There are some people that really do not like being in debt. There are others that do not mind too much but think that being in debt should be avoided as much as possible. However, should we go so far as to pledge to stay debt free for the rest of our lives?

It is worth noting that there are different types of debt. Often we think of the word debt to mean someone with many unpaid credit cards, overdrafts and loans struggling to make the minimum loan repayments. However, there are debts which are often classed as good debts.

Good debts can include many different things and people are not always in agreement as to what a good debt is. However, it is usually agreed that mortgages and student loans are forms of good debt. This is because by having them you can improve your financial situation. Take a mortgage, for example. You will borrow money to buy a house. In most cases the house will increase in value so that even though you have paid to borrow money you should still gain from it. The increase in value of the house should be more than the cost of the loan, particularly if you keep the house once the mortgage is paid off. You will also save money in not having to pay rent. There are also non-financial gains of security of knowing you have a permanent residence, knowing you have something to pass on to your children and having a place of your own that you can put your own stamp on.

However, bad debts are very different. These are debts where you use the money to buy things which will not benefit you greatly. Of course, this can be a very subjective decision as you may feel that certain things will make a big difference to you and other people may not agree. You will need to work out whether you think that the pros of getting the loan outweigh the cons. Obviously the loan will cost money and commit you to repayments over a certain time period but you may think that it is worth it if you get something really good out of it.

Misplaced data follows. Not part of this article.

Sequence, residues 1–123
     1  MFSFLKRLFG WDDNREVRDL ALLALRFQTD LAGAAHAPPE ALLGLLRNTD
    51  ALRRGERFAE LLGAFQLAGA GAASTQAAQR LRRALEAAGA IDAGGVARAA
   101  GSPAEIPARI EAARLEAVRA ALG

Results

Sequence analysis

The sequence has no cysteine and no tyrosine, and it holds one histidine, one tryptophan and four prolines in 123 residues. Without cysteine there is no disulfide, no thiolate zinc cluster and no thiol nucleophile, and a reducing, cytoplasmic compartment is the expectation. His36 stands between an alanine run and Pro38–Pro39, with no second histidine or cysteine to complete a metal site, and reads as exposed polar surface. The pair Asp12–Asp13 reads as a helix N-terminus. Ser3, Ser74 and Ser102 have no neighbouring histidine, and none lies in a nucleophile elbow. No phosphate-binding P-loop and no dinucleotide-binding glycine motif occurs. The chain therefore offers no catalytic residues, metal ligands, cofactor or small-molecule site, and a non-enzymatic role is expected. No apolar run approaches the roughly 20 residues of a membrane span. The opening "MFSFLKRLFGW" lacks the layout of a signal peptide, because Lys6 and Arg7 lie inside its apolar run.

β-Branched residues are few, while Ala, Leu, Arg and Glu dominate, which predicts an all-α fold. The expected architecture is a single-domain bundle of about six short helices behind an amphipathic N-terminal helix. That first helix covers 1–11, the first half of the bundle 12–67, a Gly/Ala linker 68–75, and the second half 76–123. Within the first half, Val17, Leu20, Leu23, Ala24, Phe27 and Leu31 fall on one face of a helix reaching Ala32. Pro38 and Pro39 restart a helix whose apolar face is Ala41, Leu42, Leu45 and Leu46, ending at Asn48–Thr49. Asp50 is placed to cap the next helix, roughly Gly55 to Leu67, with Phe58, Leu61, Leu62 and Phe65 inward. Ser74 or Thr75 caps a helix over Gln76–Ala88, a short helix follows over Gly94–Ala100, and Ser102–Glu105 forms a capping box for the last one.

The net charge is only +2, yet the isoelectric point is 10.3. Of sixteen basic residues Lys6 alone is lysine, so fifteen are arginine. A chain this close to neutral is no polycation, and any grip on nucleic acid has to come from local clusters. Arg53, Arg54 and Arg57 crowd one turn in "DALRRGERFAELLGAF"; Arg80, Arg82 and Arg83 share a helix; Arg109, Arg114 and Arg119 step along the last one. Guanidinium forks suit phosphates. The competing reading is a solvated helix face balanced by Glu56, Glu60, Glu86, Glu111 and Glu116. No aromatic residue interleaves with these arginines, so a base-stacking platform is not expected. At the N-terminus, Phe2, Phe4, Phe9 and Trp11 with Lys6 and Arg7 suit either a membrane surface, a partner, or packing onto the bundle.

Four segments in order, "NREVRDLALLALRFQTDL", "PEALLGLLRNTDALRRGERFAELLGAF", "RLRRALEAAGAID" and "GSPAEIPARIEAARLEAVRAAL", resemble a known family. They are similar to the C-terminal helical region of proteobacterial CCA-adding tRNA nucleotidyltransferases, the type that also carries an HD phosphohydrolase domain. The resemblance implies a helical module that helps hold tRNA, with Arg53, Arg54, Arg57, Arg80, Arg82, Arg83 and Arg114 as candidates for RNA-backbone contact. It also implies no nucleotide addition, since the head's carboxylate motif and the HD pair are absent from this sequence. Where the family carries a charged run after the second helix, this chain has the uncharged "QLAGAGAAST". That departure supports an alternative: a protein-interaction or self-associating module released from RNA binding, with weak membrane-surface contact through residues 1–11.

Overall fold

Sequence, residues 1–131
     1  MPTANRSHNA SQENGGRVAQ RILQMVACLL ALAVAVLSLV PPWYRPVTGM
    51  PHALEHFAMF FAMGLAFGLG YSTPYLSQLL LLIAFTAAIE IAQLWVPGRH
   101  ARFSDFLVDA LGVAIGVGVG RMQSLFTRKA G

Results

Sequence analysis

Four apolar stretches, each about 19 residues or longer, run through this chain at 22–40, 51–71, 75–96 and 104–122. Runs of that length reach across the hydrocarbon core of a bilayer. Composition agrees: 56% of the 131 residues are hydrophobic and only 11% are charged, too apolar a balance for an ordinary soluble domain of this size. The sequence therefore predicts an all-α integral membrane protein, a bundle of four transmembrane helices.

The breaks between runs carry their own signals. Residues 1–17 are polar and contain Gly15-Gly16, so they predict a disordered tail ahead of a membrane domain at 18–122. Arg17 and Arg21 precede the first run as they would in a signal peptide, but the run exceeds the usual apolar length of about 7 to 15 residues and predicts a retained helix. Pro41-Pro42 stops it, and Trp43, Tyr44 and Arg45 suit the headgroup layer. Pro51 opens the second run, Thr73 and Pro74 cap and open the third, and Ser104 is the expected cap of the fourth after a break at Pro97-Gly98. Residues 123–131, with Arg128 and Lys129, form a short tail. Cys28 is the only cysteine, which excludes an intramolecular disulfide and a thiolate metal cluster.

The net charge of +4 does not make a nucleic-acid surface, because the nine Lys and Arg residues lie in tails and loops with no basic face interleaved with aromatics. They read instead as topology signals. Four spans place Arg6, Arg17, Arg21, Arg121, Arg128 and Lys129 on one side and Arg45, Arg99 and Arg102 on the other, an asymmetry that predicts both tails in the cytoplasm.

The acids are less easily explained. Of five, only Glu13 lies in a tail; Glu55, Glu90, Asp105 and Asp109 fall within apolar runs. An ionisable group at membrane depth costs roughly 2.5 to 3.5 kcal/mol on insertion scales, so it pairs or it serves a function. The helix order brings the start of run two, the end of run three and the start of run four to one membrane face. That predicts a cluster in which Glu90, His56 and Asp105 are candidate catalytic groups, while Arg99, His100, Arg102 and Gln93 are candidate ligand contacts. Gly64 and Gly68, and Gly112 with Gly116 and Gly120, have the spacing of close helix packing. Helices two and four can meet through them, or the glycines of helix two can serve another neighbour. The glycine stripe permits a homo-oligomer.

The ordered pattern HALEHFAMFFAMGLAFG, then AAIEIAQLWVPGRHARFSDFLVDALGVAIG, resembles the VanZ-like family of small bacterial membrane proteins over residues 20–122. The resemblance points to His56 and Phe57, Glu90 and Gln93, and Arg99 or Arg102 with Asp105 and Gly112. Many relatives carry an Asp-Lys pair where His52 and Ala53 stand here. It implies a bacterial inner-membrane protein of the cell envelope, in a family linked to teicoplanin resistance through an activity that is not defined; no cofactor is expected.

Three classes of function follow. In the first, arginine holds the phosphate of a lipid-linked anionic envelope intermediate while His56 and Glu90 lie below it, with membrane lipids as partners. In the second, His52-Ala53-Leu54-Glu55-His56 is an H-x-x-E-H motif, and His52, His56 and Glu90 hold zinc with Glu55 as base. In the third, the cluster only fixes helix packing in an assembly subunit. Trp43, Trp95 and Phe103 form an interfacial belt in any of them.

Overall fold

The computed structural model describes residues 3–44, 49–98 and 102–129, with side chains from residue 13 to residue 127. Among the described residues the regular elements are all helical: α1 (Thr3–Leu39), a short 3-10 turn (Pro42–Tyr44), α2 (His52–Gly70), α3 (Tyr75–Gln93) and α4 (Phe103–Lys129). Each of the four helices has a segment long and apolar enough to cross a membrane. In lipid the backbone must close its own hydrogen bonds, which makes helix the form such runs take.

Some people may decide that they never want to be in debt again if they have had problems in the past. Perhaps they have built up so much debt they struggled to pay it back or they are worried that they will get into big trouble with debts and it is understandable that they may be worried. It could also be a concern that interest rates have stayed low for so long that getting a loan now could mean that it will become very expensive as interest rates can really only go up.

Only you can really know whether you are safe to get a loan. You know whether you can trust yourself to pay it back and whether you have the funds to be able to do so. You may have some idea of what your future might bring and how secure your job is, so you can work out whether a loan is a big risk or not. Your age could be a factor too as if you are coming up to retirement it may not be a good idea and perhaps if you are planning a family your income may go down and your expenses up so it could make finances very difficult to manage.

Staying debt free for your whole life could be a sensible policy if you fear that one loan could lead to another which could lead to a mountain of debt. Only you know whether you are likely to be like this or whether you will have the self-discipline to keep control of things. You will also need to think about your personal situation and whether you think that you will be able to manage the repayments, both in the long term and the short term. However, you could limit your financial future by deciding that you will never get into debt. You may have to avoid university because you will not get a student loan, never own your own home or not be able to start a business because you will not get a loan. So you need to make sure that your decision makes sense.